It was an unprecedented year for B.C. wildfires.
This summer, 1,300 fires burned through 1.2 million hectares of forest, forced 45,000 people from their homes and cost the government more than $560 million in firefighting.
“Worst ever” was the way it was summed up by officials long before the smoke even started to clear. But that didn’t adequately explain the suffering caused to those who had been through evacuations, agonizing over whether their homes and all their personal belongings would be saved.
Worst hit in the Central Okanagan, as far as personal losses, was Lake Country in what RCMP have deemed a deliberately set fire. Mounties allege the blaze was set intentionally along Okanagan Centre Road West July 15, and quickly moved up the steep terrain toward Nighthawk Road.
“It was incredible how fast the fire raced up that hill,” said Blair Croom, a Nighthawk Road resident, while standing amid cars and personal property embedded in soot. While his home was still standing, eight of 20 other homes on Nighthawk were destroyed.
“Your emotions are raw. You’re not sure what to say to others who lost their homes. It’s hard to look at the damage left behind, it’s so devastating,” said Joanne Croom.
Mounties have yet to make an arrest in the arson investigation and have not spoken about it since summer.
The weather contributed to the Lake Country fire, but conditions continually worsened.
Environment Canada reported that July and August broke temperature records in the Central Okanagan for continual stretches of scorching weather. Making matters worse was a nearly eight-week stretch with no rain.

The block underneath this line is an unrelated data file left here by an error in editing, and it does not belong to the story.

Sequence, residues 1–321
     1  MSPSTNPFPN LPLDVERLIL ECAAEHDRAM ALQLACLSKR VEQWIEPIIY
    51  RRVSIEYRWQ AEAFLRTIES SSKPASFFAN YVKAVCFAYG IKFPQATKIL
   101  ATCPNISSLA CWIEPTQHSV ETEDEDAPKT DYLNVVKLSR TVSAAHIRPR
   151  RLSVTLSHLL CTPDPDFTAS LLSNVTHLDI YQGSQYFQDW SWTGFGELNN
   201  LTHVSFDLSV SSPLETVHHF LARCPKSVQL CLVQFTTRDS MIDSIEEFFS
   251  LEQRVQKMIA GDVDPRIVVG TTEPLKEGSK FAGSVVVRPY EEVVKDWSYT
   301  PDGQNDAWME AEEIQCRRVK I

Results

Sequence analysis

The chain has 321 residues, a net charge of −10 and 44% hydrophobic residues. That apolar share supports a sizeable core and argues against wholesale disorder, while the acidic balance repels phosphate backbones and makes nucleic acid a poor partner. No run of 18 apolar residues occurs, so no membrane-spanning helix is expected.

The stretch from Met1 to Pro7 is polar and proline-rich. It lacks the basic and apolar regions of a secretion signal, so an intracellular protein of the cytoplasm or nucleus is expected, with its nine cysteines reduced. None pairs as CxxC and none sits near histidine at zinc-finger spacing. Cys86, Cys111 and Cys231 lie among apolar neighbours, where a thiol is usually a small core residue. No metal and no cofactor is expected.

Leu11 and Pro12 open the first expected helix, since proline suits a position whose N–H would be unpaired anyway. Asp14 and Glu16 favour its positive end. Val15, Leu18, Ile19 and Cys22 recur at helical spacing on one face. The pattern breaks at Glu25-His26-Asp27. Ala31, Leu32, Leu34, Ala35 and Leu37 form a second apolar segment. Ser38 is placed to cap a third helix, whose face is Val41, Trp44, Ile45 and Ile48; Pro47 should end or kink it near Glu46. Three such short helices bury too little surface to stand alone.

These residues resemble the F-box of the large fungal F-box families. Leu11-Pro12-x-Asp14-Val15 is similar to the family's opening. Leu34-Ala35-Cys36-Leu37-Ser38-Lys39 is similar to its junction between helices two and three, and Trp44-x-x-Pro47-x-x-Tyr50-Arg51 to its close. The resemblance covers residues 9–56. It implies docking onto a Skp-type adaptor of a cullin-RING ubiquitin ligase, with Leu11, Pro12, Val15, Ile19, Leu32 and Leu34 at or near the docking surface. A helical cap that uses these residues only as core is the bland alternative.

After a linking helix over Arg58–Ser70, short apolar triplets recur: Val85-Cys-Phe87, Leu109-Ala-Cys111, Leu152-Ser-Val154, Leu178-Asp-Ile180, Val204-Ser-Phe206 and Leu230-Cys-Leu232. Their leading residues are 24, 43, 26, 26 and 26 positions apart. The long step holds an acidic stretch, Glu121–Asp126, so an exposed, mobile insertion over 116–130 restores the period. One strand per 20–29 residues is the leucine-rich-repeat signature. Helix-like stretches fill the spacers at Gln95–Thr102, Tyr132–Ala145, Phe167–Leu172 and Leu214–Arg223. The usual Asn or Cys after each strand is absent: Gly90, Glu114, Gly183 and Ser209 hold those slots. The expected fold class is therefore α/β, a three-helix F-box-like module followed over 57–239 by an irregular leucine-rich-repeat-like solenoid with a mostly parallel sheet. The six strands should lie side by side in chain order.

The next big fire was expected to spread fast, and it did.
The Philpott road wildfire started small Aug. 24 about 20 kilometres east of Kelowna in the Joe Rich area and it spread quickly.
Area property owner Jeremy Ford said the blaze began as a spot fire along Highway 33. By the time he had called for help, it was already racing through grass and bush into a heavily treed area.
Ford said he ensured his family was safely out and then remained behind to help others.
“I stayed there until the last minute to help out my neighbours because they have got animals,” said Ford, who added he released the animals from a neighbouring barn just as police ordered him to leave.
“So now the animals have got a chance to live and not be cooped up in a pen in the fire. That’s all we can do.”
Even closer to danger was Cynthia Row who said she was running on trails through the hills above Highway 33 when flames began shooting up trees around her, blocking the path and forcing her to bushwhack downhill toward the highway.
She ran into a wall of fire before she reached the safety of the road, but was able to sidestep the flames.
“I was terrified and now I’m just in shock,” she said.
“I’ve never been this scared in my life. I’ve had encounters with bears. I’ve been lost for days. I’ve been in trouble, and I’ve never experienced anything like this. It was frightening.
“I’m very lucky I got out.”
In the end, the Philpott Road fire spread over 465 hectares, blessedly staying away from nearby homes.
By the time August came to an end, the Central Okanagan, along with the rest of B.C., was worn down by fire.
Local evacuation centres were chock full of people who were forced from homes in the Cariboo and for the better part of a month the air was heavy with soot and ash. Area residents had become adept at reading air quality ratings as the number correlated to their ability to go outside.
Conditions seemed to have finally improved in September when the Finlay Creek fire broke out.
Between Peachland and Summerland, that blaze sent plumes of smoke into the sky within hours of it being ignited.
It was attacked quickly by BC Wildfire Crews, but it still moved quickly toward Summerland and evacuations were ordered.
In just under a week from when it started Mother Nature decided to chip in with some help.
A rain storm swept through the Okanagan valley offering the first dampness rainfall the region has seen in months, prompting happy dances from Capital News readers.
It seemed, as suddenly as it came on, fire season was snuffed out.
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